Wednesday, January 28, 2015

Editors don't apologize for swallowing blizzard forecast

The driver of a Ford Mustang turning wide at the snow-covered corner of Euclid and Prospect avenues in Hackensack on Tuesday afternoon. The snowfall was far less than predicted. Drivers of Hackensack's plows don't clear corners.

Who is supposed to clear the sidewalk and curb for pedestrians? Is it the city or the property owner?


By VICTOR E. SASSON
EDITOR

On Page 1 of The Record today, just about everyone apologizes for wrongly predicting a blizzard with 2 feet of snow or more -- except the media.

The Woodland Park daily jumped on the weather doomsday bandwagon and rode it all the way, but apologized to subscribers for not delivering Tuesday's print edition.

That paper was delivered a day late with today's edition, but one look at Tuesday's front page shows just how stale print journalism can be these days. 

New Jersey highways and Hudson River crossings reopened, and mass transit resumed operation in time for Tuesday's rush hour.

Profit over safety

The big weather photo on Page 1 today is more bad publicity for the cheap lightweight wood construction methods used in the 240-unit Avalon at Edgewater apartment building that burned down a week ago (A-1).

How long will the Virginia-based real estate investment trust allow the burned out skeleton of the Russell building to stand and announce to anyone looking for an apartment, You don't want to live here?

In a letter to the editor, Joyce Huber of Ridgefield said of the cheap wood construction and rapid spread of fire:

"We've become a Third World country if we allow profit to come before safety" (A-12).

That's naive. 

U.S. companies have always prized profit over safety, as all of the defective cars and other products show. They have killed thousands of consumers and made product liability lawyers rich.

First lawsuit

Meanwhile, Robert Loposky and Richard Kemp, two tenants of the so-called luxury apartment building, filed a lawsuit, alleging building owners were "negligent in the construction, maintenance and operation" of the complex, where the fire was started by an Avalon employee using a blowtorch to fix a pipe (L-1).

The first paragraph and sub-headline incorrectly call the suit "a class-action lawsuit" on behalf of the more than 500 displaced tenants who suffered economic loss, because only a judge can certify the suit as a class action.

The first paragraph also refers incorrectly to tenants as "residents."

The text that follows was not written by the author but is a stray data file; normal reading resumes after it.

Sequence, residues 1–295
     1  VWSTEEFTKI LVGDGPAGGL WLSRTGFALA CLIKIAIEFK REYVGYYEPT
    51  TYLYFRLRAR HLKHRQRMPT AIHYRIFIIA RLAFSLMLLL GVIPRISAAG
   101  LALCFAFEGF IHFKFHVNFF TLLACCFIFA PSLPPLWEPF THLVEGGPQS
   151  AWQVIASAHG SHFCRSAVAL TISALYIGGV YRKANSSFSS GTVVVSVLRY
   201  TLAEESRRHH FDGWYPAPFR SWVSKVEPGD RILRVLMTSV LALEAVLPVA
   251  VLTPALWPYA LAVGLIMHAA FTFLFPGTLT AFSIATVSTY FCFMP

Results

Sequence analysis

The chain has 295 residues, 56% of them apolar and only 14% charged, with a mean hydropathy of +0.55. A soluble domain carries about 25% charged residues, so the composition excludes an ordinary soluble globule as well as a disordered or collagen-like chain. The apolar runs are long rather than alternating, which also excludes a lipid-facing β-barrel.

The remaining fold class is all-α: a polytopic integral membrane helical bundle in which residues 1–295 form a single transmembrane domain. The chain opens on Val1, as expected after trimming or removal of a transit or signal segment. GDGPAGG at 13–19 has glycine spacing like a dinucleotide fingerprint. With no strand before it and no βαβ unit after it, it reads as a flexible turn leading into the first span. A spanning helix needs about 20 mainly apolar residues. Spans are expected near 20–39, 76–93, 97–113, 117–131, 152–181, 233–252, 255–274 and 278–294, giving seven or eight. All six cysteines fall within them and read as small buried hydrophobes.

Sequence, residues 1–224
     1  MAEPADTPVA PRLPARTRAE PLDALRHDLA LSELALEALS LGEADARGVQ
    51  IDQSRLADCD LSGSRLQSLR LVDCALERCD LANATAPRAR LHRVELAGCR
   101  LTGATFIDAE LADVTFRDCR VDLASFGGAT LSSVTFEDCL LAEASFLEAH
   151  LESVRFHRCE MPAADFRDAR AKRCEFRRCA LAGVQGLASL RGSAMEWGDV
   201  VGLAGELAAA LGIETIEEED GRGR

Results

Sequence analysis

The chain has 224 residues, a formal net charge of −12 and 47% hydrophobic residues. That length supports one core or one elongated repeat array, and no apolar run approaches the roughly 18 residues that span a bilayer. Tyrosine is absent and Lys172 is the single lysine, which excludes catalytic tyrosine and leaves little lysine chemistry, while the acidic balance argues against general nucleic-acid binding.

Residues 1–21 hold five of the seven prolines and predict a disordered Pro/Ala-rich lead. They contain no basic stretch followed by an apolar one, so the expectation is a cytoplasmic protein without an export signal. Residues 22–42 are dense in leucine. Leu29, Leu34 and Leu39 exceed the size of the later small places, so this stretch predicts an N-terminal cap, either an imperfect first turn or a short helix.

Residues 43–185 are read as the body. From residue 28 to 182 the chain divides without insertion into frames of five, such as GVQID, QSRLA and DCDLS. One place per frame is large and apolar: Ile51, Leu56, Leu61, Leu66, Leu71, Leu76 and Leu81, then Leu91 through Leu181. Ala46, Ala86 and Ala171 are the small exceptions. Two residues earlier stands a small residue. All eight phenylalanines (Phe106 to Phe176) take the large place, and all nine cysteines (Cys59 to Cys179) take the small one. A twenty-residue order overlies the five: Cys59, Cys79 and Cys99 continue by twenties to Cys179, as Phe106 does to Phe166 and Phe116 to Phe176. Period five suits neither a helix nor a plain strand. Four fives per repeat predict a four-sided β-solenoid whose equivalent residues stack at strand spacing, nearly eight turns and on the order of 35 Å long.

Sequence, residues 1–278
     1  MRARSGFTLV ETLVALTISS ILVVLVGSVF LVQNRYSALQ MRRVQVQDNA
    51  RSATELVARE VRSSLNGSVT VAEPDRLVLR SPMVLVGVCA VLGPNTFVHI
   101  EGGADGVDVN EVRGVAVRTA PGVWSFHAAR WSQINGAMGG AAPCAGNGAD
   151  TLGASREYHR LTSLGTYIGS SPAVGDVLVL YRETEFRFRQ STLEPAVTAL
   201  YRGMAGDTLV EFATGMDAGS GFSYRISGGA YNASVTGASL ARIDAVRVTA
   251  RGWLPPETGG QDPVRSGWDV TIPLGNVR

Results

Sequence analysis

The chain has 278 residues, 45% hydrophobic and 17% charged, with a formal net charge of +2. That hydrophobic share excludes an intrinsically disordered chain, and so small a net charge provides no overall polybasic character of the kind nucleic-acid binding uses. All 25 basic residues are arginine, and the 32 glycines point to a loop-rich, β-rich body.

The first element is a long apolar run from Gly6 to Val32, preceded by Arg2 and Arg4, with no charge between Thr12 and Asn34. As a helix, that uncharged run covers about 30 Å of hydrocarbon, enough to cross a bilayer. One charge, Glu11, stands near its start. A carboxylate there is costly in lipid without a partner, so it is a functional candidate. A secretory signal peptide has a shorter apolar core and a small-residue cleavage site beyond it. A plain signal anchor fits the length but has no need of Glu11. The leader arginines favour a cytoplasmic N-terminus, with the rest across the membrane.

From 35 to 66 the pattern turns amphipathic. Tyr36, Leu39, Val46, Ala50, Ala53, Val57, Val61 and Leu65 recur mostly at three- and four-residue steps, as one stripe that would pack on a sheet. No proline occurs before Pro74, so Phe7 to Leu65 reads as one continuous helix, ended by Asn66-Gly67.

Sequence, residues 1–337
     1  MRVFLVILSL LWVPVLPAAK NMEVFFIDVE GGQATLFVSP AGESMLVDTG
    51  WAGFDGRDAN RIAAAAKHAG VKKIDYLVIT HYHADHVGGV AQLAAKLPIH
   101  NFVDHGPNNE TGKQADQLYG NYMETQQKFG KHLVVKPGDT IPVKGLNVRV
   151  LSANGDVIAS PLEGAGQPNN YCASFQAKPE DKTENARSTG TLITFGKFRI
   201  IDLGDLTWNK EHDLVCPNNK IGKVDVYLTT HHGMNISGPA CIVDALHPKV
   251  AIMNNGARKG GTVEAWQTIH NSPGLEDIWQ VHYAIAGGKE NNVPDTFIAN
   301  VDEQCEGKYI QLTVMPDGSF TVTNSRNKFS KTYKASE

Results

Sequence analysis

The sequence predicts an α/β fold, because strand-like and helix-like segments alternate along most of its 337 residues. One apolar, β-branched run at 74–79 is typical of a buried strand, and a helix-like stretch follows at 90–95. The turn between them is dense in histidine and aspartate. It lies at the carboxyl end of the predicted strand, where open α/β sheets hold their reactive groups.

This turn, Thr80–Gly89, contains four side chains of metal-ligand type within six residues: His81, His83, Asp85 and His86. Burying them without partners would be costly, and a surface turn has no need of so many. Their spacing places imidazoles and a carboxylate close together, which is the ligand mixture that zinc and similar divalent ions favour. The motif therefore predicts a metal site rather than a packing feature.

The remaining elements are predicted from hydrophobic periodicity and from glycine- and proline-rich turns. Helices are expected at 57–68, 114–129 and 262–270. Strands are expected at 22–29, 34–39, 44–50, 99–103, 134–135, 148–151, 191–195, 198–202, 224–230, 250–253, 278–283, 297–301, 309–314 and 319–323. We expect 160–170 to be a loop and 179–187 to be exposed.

Cold cash

Also in Local, a story on L-2 reports wealthy Saddle River residents are allowing their children to attend a school where a malfunctioning heating system forces them to keep their coats on.

I guess that means residents prize clear roads more than they do the health and well-being of children, judging from this Anonymous comment I received from a resident in reaction to Tuesday's post:
"My town, Saddle River, is excellent at plowing and clearing snow and slush. Streets, even those hilly ones, are cleared quite quickly and efficiently. We expect -- and get -- nothing less." 
Of course, this proud Saddle River millionaire and residents of other wealthy Bergen County suburbs are more interested in maintaining "neighborhood schools" with no minority children than they are in working heating systems, even in winter. 

Tuesday, January 27, 2015

Snowstorm coverage you never see in your daily paper

My guesstimate is that 6 inches to 8 inches of snow fell on the Fairmount section of Hackensack, above and below, far less than relentless media hype led all of us to believe. On Monday, The Record's front page warned the storm "may dump 2 feet or more."



Editor's note: I didn't receive The Record's print edition today. Instead, I looked at the digital edition. 

By VICTOR E. SASSON
EDITOR

When I think of how The Record covers big snowstorms, I can't shake the image of one of the paper's obese local assignment editors trying to climb over a snowbank in the Hackensack parking lot many years ago.

Despite the effort, she flopped on her well-padded posterior and injured her back, then stayed out of work for weeks.

The Record certainly has made the effort, but always comes up short, forgetting just how important good snow plowing is to readers.

Broken Record

On Monday, The Record's front page blared:


North Jersey bracing
for The Big One

Today's Page 1 banner headline is similar and doesn't advance the story much: